Then another thing to look at comfort wise is the width of the tire. For casual riding with good comfort, the size of the wheel x tire you'd be looking for would probably be 700 x 32c (the 32c being the width...you can go bigger to get more comfortable riding), if you wanna go faster, once you've built a bit of fitness around riding the bicycle, reducing the tire width can help a bunch, but you're then sacrificing some comfort. As you get more accustomed to riding though, your muscles get used to the road conditions and can take a "beating" better lol

The height/size of the bike will vary from one manufacturer to the other, but a bike shop employee will know what to look for you. At 5'8" the frame of the bike is usually 54cm (or 21") meaning, when i have my butt off the saddle, and my feet on the ground at a stop, i have about an inch or 2 of clearance for my privates (well at least for a man's reference) so that's something to keep in mind. For hybrids that length is important but also the length between your seat and the handlebars, as it'll determine your positioning on the bike. Once again, employees should help you with that

If you want to start commuting your 10k, maybe look at bike shorts with padding, although for that distance you might not need it...but it's always nice to have that extra-comfort to offset harsh road conditions.
[OP]
Member
Apr 23, 2008
310 posts
13 upvotes
Toronto
zephillou wrote:
Jul 5th, 2018 12:31 pm
If you go to a bike store, you need a budget and try to stick to it. I had a higher budget than what i bought my bike for because sometimes..the bike you want just doesn't fit you (ie. the frame for brand and model "x" doesn't fit you well in the size that would be best for you)

From the sounds of it, if you're staying on pavement, i'd go for a hybrid bike. Pretty upright, pretty comfortable ergonomics and good for entry level. No front suspension at the forks ideally as entry level ones are pretty heavy and you want to go "realistically" light.

Then another thing to look at comfort wise is the width of the tire. For casual riding with good comfort, the size of the wheel x tire you'd be looking for would probably be 700 x 32c (the 32c being the width...you can go bigger to get more comfortable riding), if you wanna go faster, once you've built a bit of fitness around riding the bicycle, reducing the tire width can help a bunch, but you're then sacrificing some comfort. As you get more accustomed to riding though, your muscles get used to the road conditions and can take a "beating" better lol

The height/size of the bike will vary from one manufacturer to the other, but a bike shop employee will know what to look for you. At 5'8" the frame of the bike is usually 54cm (or 21") meaning, when i have my butt off the saddle, and my feet on the ground at a stop, i have about an inch or 2 of clearance for my privates (well at least for a man's reference) so that's something to keep in mind. For hybrids that length is important but also the length between your seat and the handlebars, as it'll determine your positioning on the bike. Once again, employees should help you with that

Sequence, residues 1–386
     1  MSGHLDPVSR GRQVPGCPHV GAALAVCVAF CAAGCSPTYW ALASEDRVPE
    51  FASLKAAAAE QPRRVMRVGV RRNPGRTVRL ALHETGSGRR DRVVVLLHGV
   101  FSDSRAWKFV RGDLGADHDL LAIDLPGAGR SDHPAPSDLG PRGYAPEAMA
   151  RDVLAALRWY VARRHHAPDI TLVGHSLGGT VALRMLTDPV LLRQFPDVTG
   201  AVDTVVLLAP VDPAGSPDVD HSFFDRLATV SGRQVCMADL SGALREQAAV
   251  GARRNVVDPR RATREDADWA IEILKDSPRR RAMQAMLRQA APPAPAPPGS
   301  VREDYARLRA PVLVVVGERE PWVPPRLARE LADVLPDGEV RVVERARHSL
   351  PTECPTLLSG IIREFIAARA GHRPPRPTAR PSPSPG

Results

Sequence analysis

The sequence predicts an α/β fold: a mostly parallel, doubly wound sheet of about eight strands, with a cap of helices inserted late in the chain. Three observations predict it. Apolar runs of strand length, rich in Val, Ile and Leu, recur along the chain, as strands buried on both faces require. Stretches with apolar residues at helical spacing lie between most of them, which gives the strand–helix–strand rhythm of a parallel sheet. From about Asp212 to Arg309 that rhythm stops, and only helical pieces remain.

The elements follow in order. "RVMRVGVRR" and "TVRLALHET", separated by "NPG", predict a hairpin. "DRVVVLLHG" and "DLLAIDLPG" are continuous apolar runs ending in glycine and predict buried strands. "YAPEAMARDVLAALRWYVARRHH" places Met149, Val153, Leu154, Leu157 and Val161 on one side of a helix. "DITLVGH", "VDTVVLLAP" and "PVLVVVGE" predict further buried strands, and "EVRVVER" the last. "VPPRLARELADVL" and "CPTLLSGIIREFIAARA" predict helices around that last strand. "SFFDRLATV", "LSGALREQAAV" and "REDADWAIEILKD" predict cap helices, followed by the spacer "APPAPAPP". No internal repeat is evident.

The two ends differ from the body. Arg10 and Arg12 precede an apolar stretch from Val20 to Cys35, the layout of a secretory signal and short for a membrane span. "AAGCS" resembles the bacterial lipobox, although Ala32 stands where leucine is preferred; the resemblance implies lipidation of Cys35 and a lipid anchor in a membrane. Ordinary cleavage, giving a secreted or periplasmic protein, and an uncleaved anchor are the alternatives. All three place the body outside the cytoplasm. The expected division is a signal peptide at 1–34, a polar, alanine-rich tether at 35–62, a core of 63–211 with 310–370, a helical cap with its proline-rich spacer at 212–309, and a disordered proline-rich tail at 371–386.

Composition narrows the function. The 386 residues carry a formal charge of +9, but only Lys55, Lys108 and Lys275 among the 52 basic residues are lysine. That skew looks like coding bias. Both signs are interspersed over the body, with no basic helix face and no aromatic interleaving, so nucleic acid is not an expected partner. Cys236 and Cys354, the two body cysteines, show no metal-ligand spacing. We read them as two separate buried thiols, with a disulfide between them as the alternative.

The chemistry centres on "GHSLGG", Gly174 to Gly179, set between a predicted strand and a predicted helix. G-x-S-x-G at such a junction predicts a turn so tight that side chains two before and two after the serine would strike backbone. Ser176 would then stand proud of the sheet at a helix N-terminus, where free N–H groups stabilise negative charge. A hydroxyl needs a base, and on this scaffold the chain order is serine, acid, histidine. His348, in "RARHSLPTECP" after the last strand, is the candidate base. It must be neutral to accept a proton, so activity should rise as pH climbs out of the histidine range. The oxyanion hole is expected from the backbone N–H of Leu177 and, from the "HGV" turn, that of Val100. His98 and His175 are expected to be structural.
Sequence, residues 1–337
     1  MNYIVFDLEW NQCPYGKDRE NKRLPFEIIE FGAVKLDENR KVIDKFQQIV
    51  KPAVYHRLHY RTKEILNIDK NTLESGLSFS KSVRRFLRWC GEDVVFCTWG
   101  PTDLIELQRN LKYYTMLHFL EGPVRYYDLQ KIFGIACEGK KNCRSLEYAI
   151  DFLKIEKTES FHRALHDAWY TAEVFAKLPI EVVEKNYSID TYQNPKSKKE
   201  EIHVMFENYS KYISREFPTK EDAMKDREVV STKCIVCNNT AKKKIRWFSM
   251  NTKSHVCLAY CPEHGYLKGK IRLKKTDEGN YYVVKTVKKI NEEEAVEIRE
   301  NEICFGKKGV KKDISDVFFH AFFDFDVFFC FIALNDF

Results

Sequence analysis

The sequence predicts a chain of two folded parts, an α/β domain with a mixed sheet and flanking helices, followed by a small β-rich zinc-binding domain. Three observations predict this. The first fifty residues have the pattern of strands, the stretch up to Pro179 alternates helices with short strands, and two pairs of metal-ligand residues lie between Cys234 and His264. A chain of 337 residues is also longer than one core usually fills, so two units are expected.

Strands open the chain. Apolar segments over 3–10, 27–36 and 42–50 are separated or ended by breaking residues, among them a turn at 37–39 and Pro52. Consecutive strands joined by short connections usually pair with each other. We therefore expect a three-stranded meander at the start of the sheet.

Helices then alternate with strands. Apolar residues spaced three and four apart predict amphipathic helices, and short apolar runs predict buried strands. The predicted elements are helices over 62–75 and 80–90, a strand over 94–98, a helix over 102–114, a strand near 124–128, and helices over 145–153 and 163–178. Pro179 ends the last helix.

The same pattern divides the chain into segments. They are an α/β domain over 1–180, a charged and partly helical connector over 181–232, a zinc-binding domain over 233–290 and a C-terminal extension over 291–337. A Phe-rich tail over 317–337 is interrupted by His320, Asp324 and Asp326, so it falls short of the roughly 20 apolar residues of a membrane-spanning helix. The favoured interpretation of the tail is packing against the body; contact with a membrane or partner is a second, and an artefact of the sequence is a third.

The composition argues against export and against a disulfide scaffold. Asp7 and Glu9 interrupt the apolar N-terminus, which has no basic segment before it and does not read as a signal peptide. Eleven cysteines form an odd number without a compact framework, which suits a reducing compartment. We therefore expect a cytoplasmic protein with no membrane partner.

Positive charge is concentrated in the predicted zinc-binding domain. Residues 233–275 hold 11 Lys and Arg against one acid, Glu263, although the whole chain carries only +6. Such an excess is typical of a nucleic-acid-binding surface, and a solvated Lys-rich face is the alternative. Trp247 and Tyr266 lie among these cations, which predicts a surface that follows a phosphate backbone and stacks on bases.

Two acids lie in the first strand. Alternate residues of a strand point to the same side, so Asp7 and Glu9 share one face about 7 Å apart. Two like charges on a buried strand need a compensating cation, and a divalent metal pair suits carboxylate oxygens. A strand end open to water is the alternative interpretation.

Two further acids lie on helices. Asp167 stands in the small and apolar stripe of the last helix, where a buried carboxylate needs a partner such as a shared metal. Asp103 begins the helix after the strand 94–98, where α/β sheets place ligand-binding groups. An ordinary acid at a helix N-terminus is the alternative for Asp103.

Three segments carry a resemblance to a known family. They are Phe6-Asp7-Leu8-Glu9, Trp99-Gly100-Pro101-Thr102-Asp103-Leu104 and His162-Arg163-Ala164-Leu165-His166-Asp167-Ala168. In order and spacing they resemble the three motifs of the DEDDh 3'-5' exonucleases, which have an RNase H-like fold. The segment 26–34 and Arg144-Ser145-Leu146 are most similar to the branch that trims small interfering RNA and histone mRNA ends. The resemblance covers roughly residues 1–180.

If you want to start commuting your 10k, maybe look at bike shorts with padding, although for that distance you might not need it...but it's always nice to have that extra-comfort to offset harsh road conditions.
Thanks for the explanation! Based on the above suggestions here is the criteria developed so far:
- Hybrid
- 700 x 32 tires
- No front suspension
- Optimal bike weight ?
- Optimal frame size ?

Went to a bike store and it seems both Small and Medium size frame fits me; obviously Small will give me more clearance than medium. Is more clearance better and I go with Small size?
Deal Addict
Aug 28, 2014
1747 posts
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Only way to know is to try them and see, almost no one has perfect proportions; short arms, long legs, short torso etc. Any good bike shop should have models to try out. If you can sit comfortably and almost fully extend your legs during the pedal stroke while at the same time not having to stretch your arms to reach the handlebar then it should be fine. If you have to stretch then you're going to be bent over, your arms will get sore, your neck will get sore etc. Optimal weight is whatever you can comfortably lift up and carry on your shoulder to get over obstacles like stairs.

This isn't something you can spec out on paper; biking is a physical thing and you have to actually try it. And you won't get it right the first time; if you stick with cycling you will eventually end up customizing your bike/s to your preferences. The type of riding you do may also change as you progress, with mountain biking a smaller frame is preferred to make it easier to shift your weight around and to make the bike jump over obstacles, on a road going hybrid that doesn't matter so much.
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Aug 27, 2014
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Check the police auction, they often have nice bikes there and if you're lucky bidding then you can get a bargain
[OP]
Member
Apr 23, 2008
310 posts
13 upvotes
Toronto
Here are the bikes I have short-listed:
https://www.giant-bicycles.com/ca/cypress - $499
https://www.giant-bicycles.com/ca/escape-3 - $519
https://www.trekbikes.com/ca/en_CA/bike ... rCode=grey - $529.99
All these fall in my price range of $500 to $600.

There is another one which is a bit pricier but I don't mind if it is worth spending a little more:
https://www.giant-bicycles.com/ca/escape-2 - $619

I hope to try these bikes this weekend. Anyone has experience on these bikes or recommend one over the other? Or recommend any other bike in my price range?